Pre-morbid intelligence, the metabolic syndrome and mortality: the Vietnam Experience Study
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We examined the relationship between pre-morbid intelligence quotient (IQ) and the metabolic syndrome, and assessed the role of the metabolic syndrome as a mediating factor in the association of IQ with total and cardiovascular disease (CVD) mortality.
In this cohort study, 4,157 men with IQ test results from late adolescence or early adulthood [mean age (range) 20.4 (16–30) years] attended a clinical examination in middle-age [38.3 (31–46) years] at which the components of the metabolic syndrome were measured. They were then followed for 15 years to assess mortality.
In age-adjusted analyses, IQ was significantly inversely related to four of the five individual components comprising the metabolic syndrome: hypertension, high BMI, high triglycerides and high blood glucose, but not low HDL-cholesterol. After controlling for a range of covariates that included socioeconomic position, higher IQ scores were associated with a reduced prevalence of the metabolic syndrome itself (odds ratio1 SD increase in IQ 0.87, 95% CI 0.78–0.98). Structural equation modelling revealed that education was not a mediator of the relationship between IQ and the metabolic syndrome. The metabolic syndrome partially mediated the relationship between IQ and CVD but not that between IQ and total mortality.
In this cohort, higher scores on a pre-morbid IQ test were associated with a lower prevalence of the metabolic syndrome and most of its components. The metabolic syndrome was a mediating variable in the IQ–CVD relationship.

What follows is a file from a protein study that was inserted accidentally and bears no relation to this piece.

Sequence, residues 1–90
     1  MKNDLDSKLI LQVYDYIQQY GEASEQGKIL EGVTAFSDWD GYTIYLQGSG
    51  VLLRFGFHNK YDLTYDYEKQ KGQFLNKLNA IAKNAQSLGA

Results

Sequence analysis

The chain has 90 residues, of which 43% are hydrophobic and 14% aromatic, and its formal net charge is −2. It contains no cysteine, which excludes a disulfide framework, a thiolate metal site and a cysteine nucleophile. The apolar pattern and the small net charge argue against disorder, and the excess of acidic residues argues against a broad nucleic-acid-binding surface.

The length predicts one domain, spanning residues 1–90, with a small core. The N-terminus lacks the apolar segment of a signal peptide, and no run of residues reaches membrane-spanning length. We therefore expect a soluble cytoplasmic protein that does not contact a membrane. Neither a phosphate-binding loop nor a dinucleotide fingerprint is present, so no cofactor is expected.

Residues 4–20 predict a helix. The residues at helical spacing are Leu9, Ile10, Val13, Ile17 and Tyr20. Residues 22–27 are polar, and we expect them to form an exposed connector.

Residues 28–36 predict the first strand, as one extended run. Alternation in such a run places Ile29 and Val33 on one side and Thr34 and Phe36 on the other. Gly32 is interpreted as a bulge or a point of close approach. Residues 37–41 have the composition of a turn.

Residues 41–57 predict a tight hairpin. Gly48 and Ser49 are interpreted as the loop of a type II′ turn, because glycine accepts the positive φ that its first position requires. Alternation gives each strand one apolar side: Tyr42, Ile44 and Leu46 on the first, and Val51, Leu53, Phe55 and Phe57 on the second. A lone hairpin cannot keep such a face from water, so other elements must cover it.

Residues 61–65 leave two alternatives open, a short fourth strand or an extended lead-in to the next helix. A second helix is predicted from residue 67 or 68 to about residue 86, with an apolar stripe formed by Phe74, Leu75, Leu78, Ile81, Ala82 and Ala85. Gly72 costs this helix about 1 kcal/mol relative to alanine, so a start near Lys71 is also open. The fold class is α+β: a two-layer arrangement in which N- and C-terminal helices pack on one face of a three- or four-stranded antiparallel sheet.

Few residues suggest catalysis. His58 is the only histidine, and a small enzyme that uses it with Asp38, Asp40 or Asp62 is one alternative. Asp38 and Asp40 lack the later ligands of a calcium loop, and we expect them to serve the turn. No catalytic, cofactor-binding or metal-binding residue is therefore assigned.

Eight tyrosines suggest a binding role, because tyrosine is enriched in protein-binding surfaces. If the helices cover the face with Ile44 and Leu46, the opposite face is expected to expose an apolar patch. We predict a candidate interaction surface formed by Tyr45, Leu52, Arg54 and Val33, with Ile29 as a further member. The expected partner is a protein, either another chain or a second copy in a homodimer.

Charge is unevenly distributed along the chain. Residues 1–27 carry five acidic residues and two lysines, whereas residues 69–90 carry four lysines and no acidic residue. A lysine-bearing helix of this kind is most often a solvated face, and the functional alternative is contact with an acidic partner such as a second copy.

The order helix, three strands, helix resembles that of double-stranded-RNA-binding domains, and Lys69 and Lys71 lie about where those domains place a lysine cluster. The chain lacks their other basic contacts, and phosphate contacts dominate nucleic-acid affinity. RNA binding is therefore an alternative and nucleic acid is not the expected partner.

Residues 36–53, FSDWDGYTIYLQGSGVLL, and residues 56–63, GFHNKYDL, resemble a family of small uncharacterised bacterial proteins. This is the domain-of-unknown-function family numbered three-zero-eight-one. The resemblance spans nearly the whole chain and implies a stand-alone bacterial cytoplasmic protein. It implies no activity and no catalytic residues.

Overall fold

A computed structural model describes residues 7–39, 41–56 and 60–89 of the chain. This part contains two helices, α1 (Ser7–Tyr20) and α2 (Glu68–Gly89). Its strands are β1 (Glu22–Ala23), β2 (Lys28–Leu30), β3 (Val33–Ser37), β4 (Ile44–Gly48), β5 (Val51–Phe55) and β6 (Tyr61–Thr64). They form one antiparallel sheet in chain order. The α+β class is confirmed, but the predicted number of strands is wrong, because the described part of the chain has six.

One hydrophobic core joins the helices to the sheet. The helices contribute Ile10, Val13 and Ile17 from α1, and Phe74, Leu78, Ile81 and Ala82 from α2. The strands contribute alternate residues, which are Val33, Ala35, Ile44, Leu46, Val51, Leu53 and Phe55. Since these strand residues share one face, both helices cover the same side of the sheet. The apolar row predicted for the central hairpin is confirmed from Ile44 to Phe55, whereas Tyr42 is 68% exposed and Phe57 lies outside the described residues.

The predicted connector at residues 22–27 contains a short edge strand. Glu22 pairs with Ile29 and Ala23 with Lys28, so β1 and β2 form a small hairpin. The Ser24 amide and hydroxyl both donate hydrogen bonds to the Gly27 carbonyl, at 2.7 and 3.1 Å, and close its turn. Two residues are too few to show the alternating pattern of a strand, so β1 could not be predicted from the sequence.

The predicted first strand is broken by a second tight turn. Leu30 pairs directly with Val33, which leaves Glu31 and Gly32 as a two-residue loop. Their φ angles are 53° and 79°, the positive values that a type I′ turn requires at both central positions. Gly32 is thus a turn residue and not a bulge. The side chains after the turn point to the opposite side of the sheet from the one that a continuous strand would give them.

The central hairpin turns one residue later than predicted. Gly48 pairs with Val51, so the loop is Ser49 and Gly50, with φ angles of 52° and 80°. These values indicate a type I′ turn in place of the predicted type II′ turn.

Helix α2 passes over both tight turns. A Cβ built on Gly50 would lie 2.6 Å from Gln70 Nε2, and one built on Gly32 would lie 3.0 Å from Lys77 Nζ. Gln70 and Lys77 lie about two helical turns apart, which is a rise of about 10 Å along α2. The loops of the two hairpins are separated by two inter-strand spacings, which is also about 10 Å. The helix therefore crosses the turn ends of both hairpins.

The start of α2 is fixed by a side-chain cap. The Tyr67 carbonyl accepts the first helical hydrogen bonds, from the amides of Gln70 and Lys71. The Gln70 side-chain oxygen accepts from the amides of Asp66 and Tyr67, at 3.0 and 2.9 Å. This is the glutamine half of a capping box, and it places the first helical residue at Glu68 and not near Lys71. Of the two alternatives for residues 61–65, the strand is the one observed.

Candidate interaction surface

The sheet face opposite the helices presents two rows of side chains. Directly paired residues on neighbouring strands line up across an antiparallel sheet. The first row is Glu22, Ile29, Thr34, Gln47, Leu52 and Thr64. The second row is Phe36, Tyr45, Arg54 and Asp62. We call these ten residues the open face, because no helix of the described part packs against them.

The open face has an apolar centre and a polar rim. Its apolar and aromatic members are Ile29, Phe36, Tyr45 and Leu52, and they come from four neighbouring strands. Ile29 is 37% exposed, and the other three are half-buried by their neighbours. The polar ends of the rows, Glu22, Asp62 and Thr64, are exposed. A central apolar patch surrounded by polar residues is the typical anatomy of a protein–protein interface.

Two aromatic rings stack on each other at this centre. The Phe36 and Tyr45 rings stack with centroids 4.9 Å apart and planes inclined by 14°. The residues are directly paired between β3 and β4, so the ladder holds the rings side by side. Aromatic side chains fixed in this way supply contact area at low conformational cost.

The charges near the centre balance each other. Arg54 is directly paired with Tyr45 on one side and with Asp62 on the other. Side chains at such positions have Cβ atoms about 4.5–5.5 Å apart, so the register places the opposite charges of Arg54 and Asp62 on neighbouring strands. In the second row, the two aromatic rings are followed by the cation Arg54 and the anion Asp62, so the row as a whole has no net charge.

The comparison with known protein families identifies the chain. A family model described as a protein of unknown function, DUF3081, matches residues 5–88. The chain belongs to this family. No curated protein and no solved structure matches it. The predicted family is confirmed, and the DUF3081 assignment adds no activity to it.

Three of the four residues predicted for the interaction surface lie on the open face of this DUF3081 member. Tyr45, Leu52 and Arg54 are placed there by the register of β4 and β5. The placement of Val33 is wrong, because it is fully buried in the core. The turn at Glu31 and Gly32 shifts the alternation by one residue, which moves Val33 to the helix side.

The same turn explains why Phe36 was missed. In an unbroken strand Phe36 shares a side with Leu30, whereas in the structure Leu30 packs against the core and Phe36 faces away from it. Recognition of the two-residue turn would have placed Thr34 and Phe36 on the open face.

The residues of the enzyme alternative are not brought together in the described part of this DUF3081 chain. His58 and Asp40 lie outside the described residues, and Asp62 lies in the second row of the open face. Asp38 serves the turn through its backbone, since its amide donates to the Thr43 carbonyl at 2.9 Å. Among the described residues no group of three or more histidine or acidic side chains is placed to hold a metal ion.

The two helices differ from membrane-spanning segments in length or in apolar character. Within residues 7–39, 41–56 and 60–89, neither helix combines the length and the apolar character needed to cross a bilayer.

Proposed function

KeywordsCardiovascular disease CVD Intelligence quotient IQ Metabolic syndrome Mortality Socioeconomic position
principal components analysis
Empirical research in the field of cognition (i.e. intelligence quotient, IQ), has a long tradition in the social sciences. It has recently been suggested that the skills captured by IQ tests, such as comprehension and reasoning, may have a role in an individual’s interpretation of health promotion advice and hence their choice of behaviours . Thus, in comparison to their lower-performing counterparts, higher IQ-scoring individuals have more favourable levels of cigarette smoking [2, 3, 4, 5] (uptake and cessation), physical activity  and dietary characteristics [6, 7]. Although there are fewer studies exploring the link between IQ and physiological variables, it has been suggested that higher IQ scores are associated with lower levels of blood pressure or hypertension [3, 8, 9] and obesity [10, 11, 12]. The scant reports of the relationship between IQ and later measurement of serum cholesterol and high blood glucose or diabetes  reveal null results, although sample sizes are modest. While some of these risk indices represent the cluster of factors comprising the metabolic syndrome, to our knowledge, the relationship between IQ and this constellation of risk indices has not been examined.